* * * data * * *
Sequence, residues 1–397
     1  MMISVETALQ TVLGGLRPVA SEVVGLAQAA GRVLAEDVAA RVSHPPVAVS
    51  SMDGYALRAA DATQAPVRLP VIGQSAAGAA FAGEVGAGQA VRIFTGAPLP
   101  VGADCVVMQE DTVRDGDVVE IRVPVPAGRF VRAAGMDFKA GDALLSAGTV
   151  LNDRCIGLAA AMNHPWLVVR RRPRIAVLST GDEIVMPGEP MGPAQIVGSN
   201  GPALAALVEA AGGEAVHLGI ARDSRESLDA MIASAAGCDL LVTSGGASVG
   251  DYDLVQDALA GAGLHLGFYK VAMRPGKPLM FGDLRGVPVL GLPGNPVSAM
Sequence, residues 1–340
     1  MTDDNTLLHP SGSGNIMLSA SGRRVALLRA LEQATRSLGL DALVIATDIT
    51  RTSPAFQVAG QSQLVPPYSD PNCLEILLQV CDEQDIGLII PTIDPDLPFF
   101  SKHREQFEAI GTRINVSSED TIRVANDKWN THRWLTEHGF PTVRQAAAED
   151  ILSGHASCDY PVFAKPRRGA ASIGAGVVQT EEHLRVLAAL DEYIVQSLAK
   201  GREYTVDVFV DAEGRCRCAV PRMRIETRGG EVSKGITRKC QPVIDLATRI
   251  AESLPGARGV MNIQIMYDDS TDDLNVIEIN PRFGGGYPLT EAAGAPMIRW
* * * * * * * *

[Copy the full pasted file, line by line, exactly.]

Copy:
Sequence, residues 1–397
     1  MMISVETALQ TVLGGLRPVA SEVVGLAQAA GRVLAEDVAA RVSHPPVAVS
    51  SMDGYALRAA DATQAPVRLP VIGQSAAGAA FAGEVGAGQA VRIFTGAPLP
   101  VGADCVVMQE DTVRDGDVVE IRVPVPAGRF VRAAGMDFKA GDALLSAGTV
   151  LNDRCIGLAA AMNHPWLVVR RRPRIAVLST GDEIVMPGEP MGPAQIVGSN
   201  GPALAALVEA AGGEAVHLGI ARDSRESLDA MIASAAGCDL LVTSGGASVG
   251  DYDLVQDALA GAGLHLGFYK VAMRPGKPLM FGDLRGVPVL GLPGNPVSAM
Sequence, residues 1–340
     1  MTDDNTLLHP SGSGNIMLSA SGRRVALLRA LEQATRSLGL DALVIATDIT
    51  RTSPAFQVAG QSQLVPPYSD PNCLEILLQV CDEQDIGLII PTIDPDLPFF
   101  SKHREQFEAI GTRINVSSED TIRVANDKWN THRWLTEHGF PTVRQAAAED
   151  ILSGHASCDY PVFAKPRRGA ASIGAGVVQT EEHLRVLAAL DEYIVQSLAK
   201  GREYTVDVFV DAEGRCRCAV PRMRIETRGG EVSKGITRKC QPVIDLATRI
   251  AESLPGARGV MNIQIMYDDS TDDLNVIEIN PRFGGGYPLT EAAGAPMIRW